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Political Analysis Of The Novel 'v For Vendetta'

1112 words - 4 pages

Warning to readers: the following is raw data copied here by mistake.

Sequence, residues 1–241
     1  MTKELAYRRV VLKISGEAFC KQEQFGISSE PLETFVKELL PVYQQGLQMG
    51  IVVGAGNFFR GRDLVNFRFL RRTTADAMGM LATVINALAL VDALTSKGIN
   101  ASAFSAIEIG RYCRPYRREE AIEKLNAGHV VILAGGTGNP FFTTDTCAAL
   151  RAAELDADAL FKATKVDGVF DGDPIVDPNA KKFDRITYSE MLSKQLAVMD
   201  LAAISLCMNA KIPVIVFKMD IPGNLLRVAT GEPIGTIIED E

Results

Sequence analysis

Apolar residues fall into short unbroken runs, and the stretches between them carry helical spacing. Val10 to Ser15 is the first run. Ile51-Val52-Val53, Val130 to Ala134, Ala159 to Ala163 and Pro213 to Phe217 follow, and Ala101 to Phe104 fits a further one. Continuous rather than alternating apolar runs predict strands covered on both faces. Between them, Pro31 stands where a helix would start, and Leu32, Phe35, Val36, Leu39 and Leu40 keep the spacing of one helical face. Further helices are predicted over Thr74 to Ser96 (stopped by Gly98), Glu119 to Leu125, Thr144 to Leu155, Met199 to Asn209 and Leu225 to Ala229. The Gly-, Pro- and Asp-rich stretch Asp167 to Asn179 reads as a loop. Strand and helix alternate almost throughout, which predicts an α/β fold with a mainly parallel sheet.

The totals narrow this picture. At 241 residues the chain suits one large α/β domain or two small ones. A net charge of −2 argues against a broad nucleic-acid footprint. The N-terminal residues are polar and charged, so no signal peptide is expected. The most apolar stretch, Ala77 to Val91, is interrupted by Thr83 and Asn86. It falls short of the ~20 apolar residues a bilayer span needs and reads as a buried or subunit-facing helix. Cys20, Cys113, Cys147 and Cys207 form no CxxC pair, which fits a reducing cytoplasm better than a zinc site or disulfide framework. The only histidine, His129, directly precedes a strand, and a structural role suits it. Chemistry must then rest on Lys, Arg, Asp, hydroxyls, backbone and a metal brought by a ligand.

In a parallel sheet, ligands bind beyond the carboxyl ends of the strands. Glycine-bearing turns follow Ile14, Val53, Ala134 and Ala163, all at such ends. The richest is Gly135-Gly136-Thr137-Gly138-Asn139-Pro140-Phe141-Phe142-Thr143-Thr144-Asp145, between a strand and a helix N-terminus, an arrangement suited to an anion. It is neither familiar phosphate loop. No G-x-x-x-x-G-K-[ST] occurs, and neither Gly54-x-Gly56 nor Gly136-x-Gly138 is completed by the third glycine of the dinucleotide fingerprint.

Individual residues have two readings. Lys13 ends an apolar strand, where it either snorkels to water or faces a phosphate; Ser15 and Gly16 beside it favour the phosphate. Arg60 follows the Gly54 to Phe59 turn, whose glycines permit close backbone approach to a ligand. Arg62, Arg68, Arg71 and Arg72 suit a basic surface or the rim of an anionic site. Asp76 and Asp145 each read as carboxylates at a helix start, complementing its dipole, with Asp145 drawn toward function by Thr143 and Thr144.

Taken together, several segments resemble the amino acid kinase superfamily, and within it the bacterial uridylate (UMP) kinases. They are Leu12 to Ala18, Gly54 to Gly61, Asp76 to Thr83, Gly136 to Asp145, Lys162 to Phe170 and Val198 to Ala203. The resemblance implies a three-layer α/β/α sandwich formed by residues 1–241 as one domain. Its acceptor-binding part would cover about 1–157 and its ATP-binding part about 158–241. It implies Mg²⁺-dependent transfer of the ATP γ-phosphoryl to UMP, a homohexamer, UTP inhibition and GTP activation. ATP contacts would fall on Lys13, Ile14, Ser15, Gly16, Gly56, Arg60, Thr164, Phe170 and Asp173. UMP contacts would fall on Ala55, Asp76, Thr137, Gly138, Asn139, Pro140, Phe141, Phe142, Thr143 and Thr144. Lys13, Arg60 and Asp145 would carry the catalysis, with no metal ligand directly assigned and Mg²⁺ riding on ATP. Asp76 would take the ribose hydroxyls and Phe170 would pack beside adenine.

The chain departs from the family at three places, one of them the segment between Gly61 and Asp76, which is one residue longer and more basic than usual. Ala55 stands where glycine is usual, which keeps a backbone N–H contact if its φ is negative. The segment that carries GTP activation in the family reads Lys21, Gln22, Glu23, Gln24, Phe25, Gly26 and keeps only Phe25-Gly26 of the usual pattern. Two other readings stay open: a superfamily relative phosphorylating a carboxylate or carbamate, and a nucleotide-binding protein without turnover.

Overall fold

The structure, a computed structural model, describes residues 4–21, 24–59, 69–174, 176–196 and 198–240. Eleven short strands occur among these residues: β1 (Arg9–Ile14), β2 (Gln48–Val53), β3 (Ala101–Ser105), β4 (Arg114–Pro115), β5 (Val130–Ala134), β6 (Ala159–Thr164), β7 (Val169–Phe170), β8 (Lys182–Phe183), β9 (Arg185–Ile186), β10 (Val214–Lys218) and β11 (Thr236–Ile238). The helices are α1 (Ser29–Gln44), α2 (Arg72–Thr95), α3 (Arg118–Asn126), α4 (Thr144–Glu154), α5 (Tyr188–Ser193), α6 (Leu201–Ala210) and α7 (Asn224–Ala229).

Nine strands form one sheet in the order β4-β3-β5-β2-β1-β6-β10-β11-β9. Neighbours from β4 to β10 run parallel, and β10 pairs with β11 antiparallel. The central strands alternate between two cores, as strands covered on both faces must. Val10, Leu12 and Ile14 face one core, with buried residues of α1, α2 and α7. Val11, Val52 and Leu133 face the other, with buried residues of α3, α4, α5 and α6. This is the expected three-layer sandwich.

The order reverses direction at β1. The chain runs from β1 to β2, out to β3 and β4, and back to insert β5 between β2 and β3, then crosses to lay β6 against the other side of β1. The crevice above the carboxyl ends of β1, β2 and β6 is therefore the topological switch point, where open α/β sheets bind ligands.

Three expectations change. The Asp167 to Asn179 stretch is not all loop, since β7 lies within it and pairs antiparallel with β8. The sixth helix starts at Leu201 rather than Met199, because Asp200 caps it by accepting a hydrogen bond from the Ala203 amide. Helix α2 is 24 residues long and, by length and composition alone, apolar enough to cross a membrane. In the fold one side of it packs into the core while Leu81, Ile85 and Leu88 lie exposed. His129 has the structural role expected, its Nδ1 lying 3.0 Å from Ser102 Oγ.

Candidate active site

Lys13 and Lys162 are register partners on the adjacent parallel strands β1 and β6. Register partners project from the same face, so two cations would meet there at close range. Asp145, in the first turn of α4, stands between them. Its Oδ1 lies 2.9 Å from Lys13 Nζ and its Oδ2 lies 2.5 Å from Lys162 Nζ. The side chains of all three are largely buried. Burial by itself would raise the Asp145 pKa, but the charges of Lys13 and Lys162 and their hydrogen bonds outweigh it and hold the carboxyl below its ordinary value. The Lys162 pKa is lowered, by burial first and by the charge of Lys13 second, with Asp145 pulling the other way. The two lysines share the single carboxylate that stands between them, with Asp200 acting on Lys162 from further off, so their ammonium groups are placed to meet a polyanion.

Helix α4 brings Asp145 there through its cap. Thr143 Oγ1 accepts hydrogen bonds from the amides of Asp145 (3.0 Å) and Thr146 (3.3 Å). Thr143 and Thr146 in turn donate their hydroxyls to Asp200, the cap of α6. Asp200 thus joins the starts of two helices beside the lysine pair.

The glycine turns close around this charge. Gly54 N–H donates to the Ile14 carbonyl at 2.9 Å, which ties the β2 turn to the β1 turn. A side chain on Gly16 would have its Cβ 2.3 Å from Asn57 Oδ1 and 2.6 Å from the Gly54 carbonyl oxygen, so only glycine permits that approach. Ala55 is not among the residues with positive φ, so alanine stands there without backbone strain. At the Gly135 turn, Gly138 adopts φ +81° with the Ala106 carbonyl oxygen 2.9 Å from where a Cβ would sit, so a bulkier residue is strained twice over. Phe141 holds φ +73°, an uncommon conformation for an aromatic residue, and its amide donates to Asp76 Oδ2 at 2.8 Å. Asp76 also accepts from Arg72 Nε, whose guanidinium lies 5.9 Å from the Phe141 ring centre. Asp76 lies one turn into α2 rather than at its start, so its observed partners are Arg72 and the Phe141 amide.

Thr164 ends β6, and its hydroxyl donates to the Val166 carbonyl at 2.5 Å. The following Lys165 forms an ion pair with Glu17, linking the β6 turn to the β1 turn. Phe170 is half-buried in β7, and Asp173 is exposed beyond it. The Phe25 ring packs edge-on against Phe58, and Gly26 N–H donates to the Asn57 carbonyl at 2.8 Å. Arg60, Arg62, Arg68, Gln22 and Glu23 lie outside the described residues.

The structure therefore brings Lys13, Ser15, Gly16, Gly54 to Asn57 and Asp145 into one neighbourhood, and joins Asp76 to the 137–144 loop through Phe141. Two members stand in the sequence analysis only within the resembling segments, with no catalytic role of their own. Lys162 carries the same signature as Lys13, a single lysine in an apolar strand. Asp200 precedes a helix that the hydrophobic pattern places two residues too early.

Kyle Esposito226-51-2402Transfer StudentFall 2010'V for Vendetta'A Political AnalysisIn this paper I would like to focus on the masses and Evey in 'V for Vendetta' since they seem to me a close correlation to what is occurring today. In this essay, I will be going over the political consciousness of these entities, their growth over the course of the novel, what ideas and conclusions drive them to make the decisions that they do, and what commitments they hold to their political ideals or parties. Before we can discuss these ideas however, we must first have an understanding of the terms used. When we are referring to political consciousness, it is referring to how informed and aware the character is of their political environment, as well as their own political ideology. We shall also take a look at the similarities and differences between Evey and masses in regard to their feelings and reactions to V and to the existing government.In order to properly understand the reactions from Evey and the masses of Britain, we must first analyze how they came to be where they currently are and their mindset in regard to the existing government. The population Britain have survived the annihilation of the world that they once knew, leaving them scared and confused with no central voice to help them though this crisis. This clears the way for a fascist regime to install itself, by the name of 'Norsefire'. They quickly quell any uprising and bring order back to the streets before instating their real objectives. This new government rounds up all of those that they deem "undesirable", (gays, gypsies, blacks, ect.) and forbids any old culture that they don't approve of. Such an environment makes it much easier for the officials to instill their ideology onto their new subjects. Evey was a child as all of this occurred, making her one of the many indoctrinated youths of the time. However, her parents were of the socialist opinion and were taken away during her childhood, leaving her with a deep seated grudge against Norsefire.This brings us to the beginning of the novel. As the story opens, Evey is of a similar mindset as the rest of the masses, in the sense that she does not agree with their ideals or methods, but lacks the will and ability to do anything to change it. Between the years of repression and the brute force that the government exerts, the public can do very little to resist the will of the heads of state. Add to this the use of 'FATE' to make the public feel that those in control are all knowing and have a handle on all facets of their citizens lives, and the masses are feeling the full effects of the government crushing down on them. As V begins his campaign against the fascist regime with the destruction of the Old Bailey, the political mindset of the public is ignited and begins to quietly question the leadership that had suppressed them for so long.As the story progresses and Norsefire rapidly loses their control of the masses, V is making his...

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